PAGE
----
Anyway, to get to my point, I just don't see why my character is is unhappy about having become a watcher. It not only gives him the tools to uncover the real cause behind waiden's legacy, but at the same time makes him more powerful, thus making him more likely to succeed. He should be thrilled about this! Maybe after he ended the legacy somehow, he would be real concerned about getting rid of the visions (hard to maintain a healthy family if your mind is slowly crumbling), but up to then it's possibly the best thing that could've happened to him after he came to the region.

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Short story? Because being a Watcher slowly drives you crazy as your past lives intrude into your present day more and more.

 

Yeah ... but there are even opportunities for the PC and companions to actively speculate that Maerwald may have been especially vulnerable, and that someone better prepared might be able to take it.

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I think that it would be nice short term, until you can't tell the difference between your past lives and your current.  Also it depends on what exactly your past lives did, it would be pretty hard to always be remembering every terrible thing your past lives ever did.  Also the watcher seems like he is degrading fast, maybe faster than mayerwald or whatever that guys name was 

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Yeah ... but there are even opportunities for the PC and companions to actively speculate that Maerwald may have been especially vulnerable, and that someone better prepared might be able to take it.

Also, the way I understood it, Maerwald's insanity stemmed from the relation between two (or three) very specific incarnations before himself. He didn't seem to be insane on a spectrum, it really seemed to be a near-unique circumstance.

 

So defaulting to "I have to stop this, it is a curse" is.. odd.

 

I also felt that you are unduly forced to treat the Leaden Key as opponents, starting already in the Catacombs. They haven't actually tried to hurt me yet, yet I can't even attempt to speak to them. I either sneak in there by guile (which doesn't necessarily make that much sense) or go in guns blazing (which makes even less sense based on what you know at that point).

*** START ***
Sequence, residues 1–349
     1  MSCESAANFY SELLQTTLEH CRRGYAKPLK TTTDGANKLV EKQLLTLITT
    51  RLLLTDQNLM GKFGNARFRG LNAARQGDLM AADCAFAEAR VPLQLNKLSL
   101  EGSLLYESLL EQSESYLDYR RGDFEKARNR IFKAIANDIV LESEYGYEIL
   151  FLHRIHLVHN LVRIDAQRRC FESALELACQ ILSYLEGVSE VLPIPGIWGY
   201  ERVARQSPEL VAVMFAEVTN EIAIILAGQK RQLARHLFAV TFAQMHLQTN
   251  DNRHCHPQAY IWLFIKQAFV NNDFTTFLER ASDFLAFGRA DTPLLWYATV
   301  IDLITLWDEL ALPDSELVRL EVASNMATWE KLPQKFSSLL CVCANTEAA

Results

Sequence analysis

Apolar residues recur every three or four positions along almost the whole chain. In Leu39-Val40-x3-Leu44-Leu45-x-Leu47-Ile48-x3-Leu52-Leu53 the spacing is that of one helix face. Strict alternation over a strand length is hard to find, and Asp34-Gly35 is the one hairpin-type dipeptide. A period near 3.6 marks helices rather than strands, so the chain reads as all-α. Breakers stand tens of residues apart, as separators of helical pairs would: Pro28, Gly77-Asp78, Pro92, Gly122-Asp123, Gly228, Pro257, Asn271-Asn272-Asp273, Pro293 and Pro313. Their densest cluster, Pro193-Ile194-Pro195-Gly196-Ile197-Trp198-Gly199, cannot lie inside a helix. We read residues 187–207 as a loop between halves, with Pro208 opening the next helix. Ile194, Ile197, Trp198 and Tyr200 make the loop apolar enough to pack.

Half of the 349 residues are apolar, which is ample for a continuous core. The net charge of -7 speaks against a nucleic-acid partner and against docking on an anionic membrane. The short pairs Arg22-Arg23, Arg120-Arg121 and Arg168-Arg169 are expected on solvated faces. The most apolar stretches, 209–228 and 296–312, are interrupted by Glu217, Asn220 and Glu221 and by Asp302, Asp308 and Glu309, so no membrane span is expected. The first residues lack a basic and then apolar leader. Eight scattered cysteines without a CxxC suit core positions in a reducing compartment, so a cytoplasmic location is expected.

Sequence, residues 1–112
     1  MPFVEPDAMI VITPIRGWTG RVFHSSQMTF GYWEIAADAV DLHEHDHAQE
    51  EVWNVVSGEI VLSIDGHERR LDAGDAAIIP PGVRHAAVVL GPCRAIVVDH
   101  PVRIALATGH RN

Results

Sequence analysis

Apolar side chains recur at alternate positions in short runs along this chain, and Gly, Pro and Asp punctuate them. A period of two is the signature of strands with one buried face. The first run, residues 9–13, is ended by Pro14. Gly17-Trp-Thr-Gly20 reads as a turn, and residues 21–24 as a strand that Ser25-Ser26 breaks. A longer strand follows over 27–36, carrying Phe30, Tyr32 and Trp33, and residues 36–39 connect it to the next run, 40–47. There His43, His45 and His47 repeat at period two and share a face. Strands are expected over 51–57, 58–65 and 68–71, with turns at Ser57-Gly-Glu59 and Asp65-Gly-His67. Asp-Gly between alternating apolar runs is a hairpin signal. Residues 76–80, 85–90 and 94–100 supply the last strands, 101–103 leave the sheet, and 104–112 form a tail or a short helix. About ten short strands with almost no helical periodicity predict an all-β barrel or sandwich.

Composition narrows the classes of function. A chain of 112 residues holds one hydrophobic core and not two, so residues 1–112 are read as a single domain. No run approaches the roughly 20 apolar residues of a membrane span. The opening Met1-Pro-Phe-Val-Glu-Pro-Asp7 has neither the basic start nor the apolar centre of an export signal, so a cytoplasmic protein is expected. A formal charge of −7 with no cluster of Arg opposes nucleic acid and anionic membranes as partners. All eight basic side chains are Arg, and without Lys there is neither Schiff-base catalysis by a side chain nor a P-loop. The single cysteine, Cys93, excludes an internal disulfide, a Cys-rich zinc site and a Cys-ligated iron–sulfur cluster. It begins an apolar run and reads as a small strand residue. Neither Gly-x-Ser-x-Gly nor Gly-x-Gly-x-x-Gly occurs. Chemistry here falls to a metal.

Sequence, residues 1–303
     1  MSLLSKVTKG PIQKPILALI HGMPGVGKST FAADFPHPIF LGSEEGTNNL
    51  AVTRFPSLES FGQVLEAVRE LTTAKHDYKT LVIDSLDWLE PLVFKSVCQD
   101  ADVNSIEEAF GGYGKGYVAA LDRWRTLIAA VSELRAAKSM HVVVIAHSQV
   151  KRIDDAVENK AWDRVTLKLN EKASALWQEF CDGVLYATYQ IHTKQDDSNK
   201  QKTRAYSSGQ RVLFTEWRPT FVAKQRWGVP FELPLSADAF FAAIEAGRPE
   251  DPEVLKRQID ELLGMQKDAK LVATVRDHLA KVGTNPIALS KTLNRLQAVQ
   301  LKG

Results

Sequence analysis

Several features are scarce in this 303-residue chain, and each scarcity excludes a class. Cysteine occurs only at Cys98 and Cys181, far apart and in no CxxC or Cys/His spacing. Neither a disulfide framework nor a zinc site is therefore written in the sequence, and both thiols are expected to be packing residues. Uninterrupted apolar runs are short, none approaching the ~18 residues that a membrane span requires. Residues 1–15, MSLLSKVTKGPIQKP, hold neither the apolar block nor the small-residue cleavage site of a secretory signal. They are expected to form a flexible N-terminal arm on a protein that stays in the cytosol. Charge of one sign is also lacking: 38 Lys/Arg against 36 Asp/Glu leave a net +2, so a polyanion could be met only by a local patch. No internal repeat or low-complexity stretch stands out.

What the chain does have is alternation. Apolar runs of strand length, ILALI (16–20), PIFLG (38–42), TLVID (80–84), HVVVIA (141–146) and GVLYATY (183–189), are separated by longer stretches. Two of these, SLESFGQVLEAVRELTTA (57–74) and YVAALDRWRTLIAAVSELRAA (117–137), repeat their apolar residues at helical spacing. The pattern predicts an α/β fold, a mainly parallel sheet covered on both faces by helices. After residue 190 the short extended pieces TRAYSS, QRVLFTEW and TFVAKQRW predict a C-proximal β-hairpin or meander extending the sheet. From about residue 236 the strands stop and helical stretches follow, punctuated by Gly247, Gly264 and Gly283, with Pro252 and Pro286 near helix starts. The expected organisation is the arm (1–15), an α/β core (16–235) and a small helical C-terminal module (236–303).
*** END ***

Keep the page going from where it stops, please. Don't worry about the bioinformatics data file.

How about... "Hey, I saw some of you do something and now.. uhm.. I see dead people. Help?". If at that point they attacked you, fair enough, the plot thickens, etc, but I think they are made out as bad guys too early.

Edited by Luckmann

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Well, I guess that the story itself is concentrating too much on being a good, socially apt, kith being.

It assumes that by seeing the ritual in the beginning, where several people are sacrificed and which also kills your companions, the character automatically assumes that whoever would do such a ritual cannot be good in any way. Rationally, this would be the only thing you'd opt for as a decent kith being, since kith sacrifice is inherently bad.

And due to the narrative complexity of creating a storyline for a good and a bad character, the game only goes into one direction, namingly you being the good guy. Now, I can understand why that is and surely all of you can, too. So, when you're in the catacombs, assuming that a bunch of kith who're hiding away in the underground, with masks, who sacrifice people for whatever reason, are bad and you wouldn't want to fall in with that crowd, makes sense.

 

Also, I think there are enough options, which let your character state that he's actually quite fine with being a watcher.